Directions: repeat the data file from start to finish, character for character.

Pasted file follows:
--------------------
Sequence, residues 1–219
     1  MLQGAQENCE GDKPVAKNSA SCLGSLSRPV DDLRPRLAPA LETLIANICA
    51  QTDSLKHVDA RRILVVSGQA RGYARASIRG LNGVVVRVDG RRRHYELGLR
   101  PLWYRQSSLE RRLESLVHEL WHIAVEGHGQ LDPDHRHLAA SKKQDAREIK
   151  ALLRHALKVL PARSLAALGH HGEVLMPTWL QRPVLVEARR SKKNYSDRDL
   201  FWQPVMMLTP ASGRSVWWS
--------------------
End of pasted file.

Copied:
Sequence, residues 1–219
     1  MLQGAQENCE GDKPVAKNSA SCLGSLSRPV DDLRPRLAPA LETLIANICA
    51  QTDSLKHVDA RRILVVSGQA RGYARASIRG LNGVVVRVDG RRRHYELGLR
   101  PLWYRQSSLE RRLESLVHEL WHIAVEGHGQ LDPDHRHLAA SKKQDAREIK
   151  ALLRHALKVL PARSLAALGH HGEVLMPTWL QRPVLVEARR SKKNYSDRDL
   201  FWQPVMMLTP ASGRSVWWS